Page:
40 3 Eyelid Neoplasms


● These can present from very small to large. ● They may be crusted with bleeding or smooth ( Fig. 3-5 ). Differential Diagnosis ● Actinic keratosis ● Basal cell carcinoma ● Keratoacanthoma Laboratory Tests ● Pathologic evaluation Treatment ● Complete surgical excision with controlled margins ● Frozen sections and Mohs surgery are both appropriate options. ● Imiquimod cream can be used as a nonsur gical option if not close to the eyelid margin. Prognosis ● Excellent unless the lesion is neglected ● Squamous cell carcinoma rarely spreads via lymphatics, blood vessels, or along nerves.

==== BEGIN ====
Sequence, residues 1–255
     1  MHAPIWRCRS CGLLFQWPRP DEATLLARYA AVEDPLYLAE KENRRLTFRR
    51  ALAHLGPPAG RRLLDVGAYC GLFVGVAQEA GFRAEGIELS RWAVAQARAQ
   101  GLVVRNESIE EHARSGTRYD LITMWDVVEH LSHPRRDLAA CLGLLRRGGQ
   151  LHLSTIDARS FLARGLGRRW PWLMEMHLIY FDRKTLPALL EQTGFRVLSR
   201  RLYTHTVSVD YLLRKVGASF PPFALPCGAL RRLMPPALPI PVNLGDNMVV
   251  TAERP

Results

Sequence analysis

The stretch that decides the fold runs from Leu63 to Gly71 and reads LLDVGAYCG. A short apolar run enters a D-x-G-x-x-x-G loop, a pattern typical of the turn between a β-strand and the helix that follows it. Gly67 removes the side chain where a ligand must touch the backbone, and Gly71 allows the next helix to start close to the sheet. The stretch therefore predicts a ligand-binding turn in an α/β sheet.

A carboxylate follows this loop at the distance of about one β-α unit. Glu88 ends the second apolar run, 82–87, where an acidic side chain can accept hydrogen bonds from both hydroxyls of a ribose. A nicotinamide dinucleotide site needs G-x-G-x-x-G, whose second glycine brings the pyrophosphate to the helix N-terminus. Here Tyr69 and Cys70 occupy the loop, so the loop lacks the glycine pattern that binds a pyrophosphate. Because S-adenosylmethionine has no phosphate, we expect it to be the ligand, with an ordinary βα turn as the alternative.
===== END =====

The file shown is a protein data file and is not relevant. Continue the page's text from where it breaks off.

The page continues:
S quamous cell carcinoma is a malignant tu mor of epithelial keratinocytes. It is often the result of exogenous carcinogens (ultravi olet exposure, exposure to ionizing radiation, arsenic). These lesions are much less common than basal cell carcinoma on the eyelids and are usually successfully treated with excision. Epidemiology and Etiology ● Age: Older than 55 years ● Gender: Males more commonly involved than females ● Etiology: Sun exposure and fair skin with poor ability to tan are risk factors. Treatment with x-ray (for acne) increases the risk. ● Incidence: 12 per 100,000 white males; 7 per 100,000 white females; 1 per 100,000 African Americans History ● Persistent keratotic lesion or plaque that does not resolve after 1 month must be con sidered a potential carcinoma, especially in sun-exposed areas. Examination ● Two types of lesions: ■ Differentiated lesions are keratinized, firm, and hard. ■ Undifferentiated lesions are fleshy, gran ulomatous, and soft.

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